As recently discussed in our blog, on Monday, December 4, the Woodbridge Group of Companies, LLC (“Woodbridge”) of Sherman Oaks, CA, filed for Chapter 11 bankruptcy protection in Delaware Bankruptcy Court (Case No. 17-12560-KJC). Woodbridge has asserted that a restructuring of its debt was necessary due to increased operating and development costs, in addition to expenses associated with ongoing litigation and regulatory compliance. As we have discussed in several previous blog posts, Woodbridge continues to face considerable regulatory scrutiny in connection with allegations of offering and selling unregistered securities, in addition to allegations of possible misconduct by Woodbridge and its President, Robert Shapiro.
As reported on December 6, Woodbridge’s First Day Motions in Delaware Bankruptcy Court (“Motions”) were successful. The Bankruptcy Court issued certain interim authorizations to help ensure Woodbridge’s ability to continue operations in the ordinary course during its restructuring process. For instance, the Bankruptcy Court approved Woodbridge’s request to access debtor-in-possession (“DIP”) financing through a California private direct lender specializing in real estate debt investments, Hankey Capital, LLC (“Hankey”).
This DIP financing, combined with cash on hand generated by Woodbridge’s operations, is intended to support continued business operations during the restructuring process. In signing off of on Woodbridge’s request to borrow $6 million for a day through its DIP financing, Judge Kevin Casey indicated “The request here is a relatively modest one.” In addition to receiving approval on its initial DIP financing request, Woodbridge also received approval for, among other things, cash to pay employee salaries and benefits.
Woodbridge’s DIP facility with Hankey is structured to provide Woodbridge with up to $100 million in post-petition financing. In exchange for offering Woodbridge the DIP financing, Hankey has secured first priority priming liens on a set of twenty-eight (28) of Woodbridge’s properties, referenced in the bankruptcy filings as “Core Assets.”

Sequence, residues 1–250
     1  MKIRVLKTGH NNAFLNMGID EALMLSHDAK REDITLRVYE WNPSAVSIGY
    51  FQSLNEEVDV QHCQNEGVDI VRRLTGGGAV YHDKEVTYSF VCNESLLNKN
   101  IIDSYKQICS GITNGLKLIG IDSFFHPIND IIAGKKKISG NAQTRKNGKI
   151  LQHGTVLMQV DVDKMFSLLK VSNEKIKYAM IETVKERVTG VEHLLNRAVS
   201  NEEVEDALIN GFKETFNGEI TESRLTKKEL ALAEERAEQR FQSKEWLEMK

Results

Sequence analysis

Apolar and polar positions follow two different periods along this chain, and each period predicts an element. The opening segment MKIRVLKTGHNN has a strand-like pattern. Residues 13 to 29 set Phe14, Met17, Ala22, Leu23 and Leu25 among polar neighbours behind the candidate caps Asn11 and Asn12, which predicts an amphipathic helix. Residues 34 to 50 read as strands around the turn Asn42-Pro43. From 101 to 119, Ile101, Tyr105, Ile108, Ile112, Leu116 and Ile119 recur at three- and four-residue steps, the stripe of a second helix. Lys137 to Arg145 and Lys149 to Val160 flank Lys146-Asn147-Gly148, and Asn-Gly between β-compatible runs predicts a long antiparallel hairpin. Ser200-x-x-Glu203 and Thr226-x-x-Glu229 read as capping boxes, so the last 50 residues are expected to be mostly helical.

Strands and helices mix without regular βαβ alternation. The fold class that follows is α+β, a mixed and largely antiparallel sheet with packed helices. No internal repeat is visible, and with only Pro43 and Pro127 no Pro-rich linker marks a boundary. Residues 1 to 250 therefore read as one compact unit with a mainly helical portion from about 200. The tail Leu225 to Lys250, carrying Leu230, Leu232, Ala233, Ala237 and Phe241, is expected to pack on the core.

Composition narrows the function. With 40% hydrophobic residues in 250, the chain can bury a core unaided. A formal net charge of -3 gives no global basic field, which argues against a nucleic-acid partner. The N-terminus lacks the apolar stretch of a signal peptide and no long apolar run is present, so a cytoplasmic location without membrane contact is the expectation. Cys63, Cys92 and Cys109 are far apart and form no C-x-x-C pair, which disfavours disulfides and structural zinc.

As we have previously reported, investors in Woodbridge’s so-called First Position Commercial Mortgages, or FPCMs (“Noteholders”) should have cause for concern, even at this early stage, in light of their questionable status as secured creditors during the restructuring process. For example, as set forth by Woodbridge in its bankruptcy petition, the company believes “[t]hat the Noteholders’ liens on the Third-Party Collateral are not properly perfected and are thus subject to avoidance….” Moreover, given the fact that Hankey now has first priority liens on certain Core Assets, there is a distinct possibility that investors will find themselves taking significant haircuts and incurring steep losses on the capital invested in Woodbridge FPCMs.
To date, Woodbridge has been the subject of numerous investigations by state securities regulators. Several of these investigations have resulted in the issuance of cease-and-desist orders, requiring Woodbridge to stop offering and/or selling unregistered securities, and further, to stop otherwise violating applicable securities laws. These regulatory allegations are factual assertions by the regulators and have not been independently verfied by our attorneys.
Woodbridge, through various Woodbridge Mortgage Investment Funds has marketed FPCMs to investors nationwide through issuing promissory notes in exchange for investments backing certain hard money loans secured by commercial real estate. Some of the issuers of Woodbridge securities include the following entities:
- WMF Management, LLC;
- Woodbridge Group of Companies, LLC;
- Woodbridge Mortgage Investment Fund 1, LLC;
- Woodbridge Mortgage Investment Fund 2, LLC;
- Woodbridge Mortgage Investment Fund 3, LLC;
- Woodbridge Mortgage Investment Fund 3A, LLC;
- Woodbridge Mortgage Investment Fund 4, LLC;
- Woodbridge Mortgage Investment Fund PA, LLC;
- Woodbridge Group of Companies, LLC (d/b/a Woodbridge Wealth).
Financial advisors, and by extension their brokerage firm, have a duty to perform adequate due diligence on any investment recommended to customers, including private placement offerings pursuant to Regulation D. In addition, financial advisors have a duty to disclose the risks associated with any investment, and moreover, to conduct a suitability analysis to determine if an investment meets an investor’s stated investment objectives and associated risk profile.
If you have invested in any of the Woodbridge Funds, or otherwise purchased a First Position Commercial Mortgage through investing in a Woodbridge promissory note, you may be able to recover investment losses in FINRA arbitration. Investors may contact Law Office of Christopher J. Gray, P.C. at (866) 966-9598 or email@example.com for a no-cost, confidential consultation.